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Down's Symptoms May Be Treatable In the Womb 170

missb writes "US researchers have found that prenatal treatment for Down syndrome works in mice. This raises the possibility that a pregnant woman who knows her unborn child has Down syndrome might be able to forestall some of the symptoms before giving birth. When fetal mouse pups that had a syndrome similar to Down's were treated with nerve-protecting chemicals, some of the developmental delays that are part of the condition — such as motor and sensory abilities — were removed."
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Down's Symptoms May Be Treatable In the Womb

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  • The article use of the pregnant woman knowing and preventing. It isn't a bad summary and the article doesn't seem to make clear.

    I was looking for some sense that knowledge of the condition might produce some automatic results from the mother's body. But, that was before I realised it was impossible to communicate with mice. Atleast, without a babelfish.
  • by neuromanc3r ( 1119631 ) on Thursday November 27, 2008 @07:55PM (#25911981)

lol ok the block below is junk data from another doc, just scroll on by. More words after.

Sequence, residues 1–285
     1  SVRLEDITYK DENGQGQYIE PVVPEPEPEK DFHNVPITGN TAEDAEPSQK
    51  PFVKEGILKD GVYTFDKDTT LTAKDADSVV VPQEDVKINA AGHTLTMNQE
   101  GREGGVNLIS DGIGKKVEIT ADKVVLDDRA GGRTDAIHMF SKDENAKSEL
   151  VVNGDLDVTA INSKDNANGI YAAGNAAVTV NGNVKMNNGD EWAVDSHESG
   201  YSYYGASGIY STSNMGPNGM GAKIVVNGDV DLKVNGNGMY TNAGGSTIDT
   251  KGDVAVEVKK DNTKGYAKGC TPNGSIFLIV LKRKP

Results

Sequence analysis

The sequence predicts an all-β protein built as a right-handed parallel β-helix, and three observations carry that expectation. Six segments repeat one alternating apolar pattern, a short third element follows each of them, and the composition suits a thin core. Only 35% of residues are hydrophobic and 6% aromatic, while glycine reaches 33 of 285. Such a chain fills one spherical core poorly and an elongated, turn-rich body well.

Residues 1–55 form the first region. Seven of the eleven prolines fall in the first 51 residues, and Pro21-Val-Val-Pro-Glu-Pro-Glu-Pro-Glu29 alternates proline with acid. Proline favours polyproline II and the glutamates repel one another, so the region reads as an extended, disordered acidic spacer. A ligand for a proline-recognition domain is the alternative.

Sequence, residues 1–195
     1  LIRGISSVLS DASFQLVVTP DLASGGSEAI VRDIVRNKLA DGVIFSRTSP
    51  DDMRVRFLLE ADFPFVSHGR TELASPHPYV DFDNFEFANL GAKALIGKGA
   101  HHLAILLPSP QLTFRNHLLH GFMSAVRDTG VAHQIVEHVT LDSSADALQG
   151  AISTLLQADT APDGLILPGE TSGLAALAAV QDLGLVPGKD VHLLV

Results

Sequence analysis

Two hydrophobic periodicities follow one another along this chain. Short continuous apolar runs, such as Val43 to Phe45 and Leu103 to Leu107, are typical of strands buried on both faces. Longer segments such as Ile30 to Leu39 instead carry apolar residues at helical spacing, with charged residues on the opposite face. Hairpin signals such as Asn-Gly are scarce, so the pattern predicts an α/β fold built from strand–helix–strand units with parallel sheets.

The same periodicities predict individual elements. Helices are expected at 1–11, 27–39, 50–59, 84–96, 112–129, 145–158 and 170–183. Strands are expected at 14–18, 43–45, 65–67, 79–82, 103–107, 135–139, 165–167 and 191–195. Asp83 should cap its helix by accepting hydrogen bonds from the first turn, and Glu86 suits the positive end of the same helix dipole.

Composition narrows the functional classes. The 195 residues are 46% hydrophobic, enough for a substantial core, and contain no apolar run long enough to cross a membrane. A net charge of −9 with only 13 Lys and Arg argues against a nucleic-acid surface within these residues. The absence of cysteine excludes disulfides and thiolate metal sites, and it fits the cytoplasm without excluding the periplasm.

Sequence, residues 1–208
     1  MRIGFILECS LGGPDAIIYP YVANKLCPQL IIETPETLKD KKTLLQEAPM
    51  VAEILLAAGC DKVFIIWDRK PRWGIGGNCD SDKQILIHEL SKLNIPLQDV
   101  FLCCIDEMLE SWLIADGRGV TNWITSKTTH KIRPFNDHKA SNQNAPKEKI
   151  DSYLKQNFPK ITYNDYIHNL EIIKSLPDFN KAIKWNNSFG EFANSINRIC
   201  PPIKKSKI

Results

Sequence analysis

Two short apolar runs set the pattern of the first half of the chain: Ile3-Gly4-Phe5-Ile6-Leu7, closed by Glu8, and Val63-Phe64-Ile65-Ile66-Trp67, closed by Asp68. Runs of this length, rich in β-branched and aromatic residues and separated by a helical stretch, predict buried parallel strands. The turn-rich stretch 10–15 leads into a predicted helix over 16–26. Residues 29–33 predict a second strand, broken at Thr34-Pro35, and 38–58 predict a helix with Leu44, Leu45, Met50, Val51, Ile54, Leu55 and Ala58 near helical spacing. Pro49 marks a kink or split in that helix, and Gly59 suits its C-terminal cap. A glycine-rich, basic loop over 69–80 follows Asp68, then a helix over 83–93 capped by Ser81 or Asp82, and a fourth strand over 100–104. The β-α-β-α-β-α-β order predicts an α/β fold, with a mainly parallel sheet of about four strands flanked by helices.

US researchers have found that prenatal treatment for Down syndrome works in mice.

    Today is a happy day for all mousekind!

  • by mumb0.jumb0 ( 1419117 ) on Friday November 28, 2008 @06:44AM (#25914775)
    I'm shocked by how many people have said "it's cheaper just to abort". Since when did human life become so cheap? Or to those that have said "the child would rather have not been born than to be born with Down syndrome": how can you possibly speak for that child? Who are you to make that life and death decision on their behalf? Disabled does not mean "better off dead". Did nobody else see the article about Stephen Hawking on the front page today? This is about preventing or reducing a disability. It's about giving a person a better chance at life. Think of it this way: if you were going to be born with a malformed left arm, but it could be rectified in the womb, what would you choose? Death or a normal arm?

Syntactic sugar causes cancer of the semicolon. -- Epigrams in Programming, ACM SIGPLAN Sept. 1982